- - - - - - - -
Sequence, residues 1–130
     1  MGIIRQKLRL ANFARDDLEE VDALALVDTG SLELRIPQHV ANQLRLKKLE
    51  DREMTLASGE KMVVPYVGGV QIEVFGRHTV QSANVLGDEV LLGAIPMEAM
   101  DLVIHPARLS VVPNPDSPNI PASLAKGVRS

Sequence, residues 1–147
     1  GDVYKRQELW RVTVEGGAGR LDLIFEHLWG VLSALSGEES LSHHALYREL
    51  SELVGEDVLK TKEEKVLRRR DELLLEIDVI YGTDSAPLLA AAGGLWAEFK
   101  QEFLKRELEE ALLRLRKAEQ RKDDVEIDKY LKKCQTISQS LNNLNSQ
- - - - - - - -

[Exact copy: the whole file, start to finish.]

Sequence, residues 1–130
     1  MGIIRQKLRL ANFARDDLEE VDALALVDTG SLELRIPQHV ANQLRLKKLE
    51  DREMTLASGE KMVVPYVGGV QIEVFGRHTV QSANVLGDEV LLGAIPMEAM
   101  DLVIHPARLS VVPNPDSPNI PASLAKGVRS

Sequence, residues 1–147
     1  GDVYKRQELW RVTVEGGAGR LDLIFEHLWG VLSALSGEES LSHHALYREL
    51  SELVGEDVLK TKEEKVLRRR DELLLEIDVI YGTDSAPLLA AAGGLWAEFK
   101  QEFLKRELEE ALLRLRKAEQ RKDDVEIDKY LKKCQTISQS LNNLNSQ